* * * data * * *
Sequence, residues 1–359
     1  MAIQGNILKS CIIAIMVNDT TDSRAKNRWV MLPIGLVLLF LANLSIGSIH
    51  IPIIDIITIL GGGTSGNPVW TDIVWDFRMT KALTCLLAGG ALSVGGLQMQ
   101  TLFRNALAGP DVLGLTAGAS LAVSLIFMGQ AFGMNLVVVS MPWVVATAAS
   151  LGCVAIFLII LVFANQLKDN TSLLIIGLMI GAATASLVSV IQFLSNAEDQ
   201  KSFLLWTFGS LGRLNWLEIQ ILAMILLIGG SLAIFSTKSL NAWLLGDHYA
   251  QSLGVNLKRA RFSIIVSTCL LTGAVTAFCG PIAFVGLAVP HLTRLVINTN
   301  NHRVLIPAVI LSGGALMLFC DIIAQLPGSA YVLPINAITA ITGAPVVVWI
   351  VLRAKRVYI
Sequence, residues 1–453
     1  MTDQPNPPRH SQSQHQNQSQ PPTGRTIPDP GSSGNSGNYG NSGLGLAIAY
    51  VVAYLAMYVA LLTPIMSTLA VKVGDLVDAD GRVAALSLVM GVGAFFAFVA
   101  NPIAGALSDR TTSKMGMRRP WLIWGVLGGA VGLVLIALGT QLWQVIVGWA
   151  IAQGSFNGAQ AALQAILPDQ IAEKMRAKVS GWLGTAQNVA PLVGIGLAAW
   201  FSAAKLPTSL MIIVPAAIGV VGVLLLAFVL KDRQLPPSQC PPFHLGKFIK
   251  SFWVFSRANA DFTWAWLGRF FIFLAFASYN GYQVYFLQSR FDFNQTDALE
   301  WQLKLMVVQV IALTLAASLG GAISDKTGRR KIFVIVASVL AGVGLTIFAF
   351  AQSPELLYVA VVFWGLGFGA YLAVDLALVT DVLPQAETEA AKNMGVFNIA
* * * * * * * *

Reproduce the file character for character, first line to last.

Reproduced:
Sequence, residues 1–359
     1  MAIQGNILKS CIIAIMVNDT TDSRAKNRWV MLPIGLVLLF LANLSIGSIH
    51  IPIIDIITIL GGGTSGNPVW TDIVWDFRMT KALTCLLAGG ALSVGGLQMQ
   101  TLFRNALAGP DVLGLTAGAS LAVSLIFMGQ AFGMNLVVVS MPWVVATAAS
   151  LGCVAIFLII LVFANQLKDN TSLLIIGLMI GAATASLVSV IQFLSNAEDQ
   201  KSFLLWTFGS LGRLNWLEIQ ILAMILLIGG SLAIFSTKSL NAWLLGDHYA
   251  QSLGVNLKRA RFSIIVSTCL LTGAVTAFCG PIAFVGLAVP HLTRLVINTN
   301  NHRVLIPAVI LSGGALMLFC DIIAQLPGSA YVLPINAITA ITGAPVVVWI
   351  VLRAKRVYI
Sequence, residues 1–453
     1  MTDQPNPPRH SQSQHQNQSQ PPTGRTIPDP GSSGNSGNYG NSGLGLAIAY
    51  VVAYLAMYVA LLTPIMSTLA VKVGDLVDAD GRVAALSLVM GVGAFFAFVA
   101  NPIAGALSDR TTSKMGMRRP WLIWGVLGGA VGLVLIALGT QLWQVIVGWA
   151  IAQGSFNGAQ AALQAILPDQ IAEKMRAKVS GWLGTAQNVA PLVGIGLAAW
   201  FSAAKLPTSL MIIVPAAIGV VGVLLLAFVL KDRQLPPSQC PPFHLGKFIK
   251  SFWVFSRANA DFTWAWLGRF FIFLAFASYN GYQVYFLQSR FDFNQTDALE
   301  WQLKLMVVQV IALTLAASLG GAISDKTGRR KIFVIVASVL AGVGLTIFAF
   351  AQSPELLYVA VVFWGLGFGA YLAVDLALVT DVLPQAETEA AKNMGVFNIA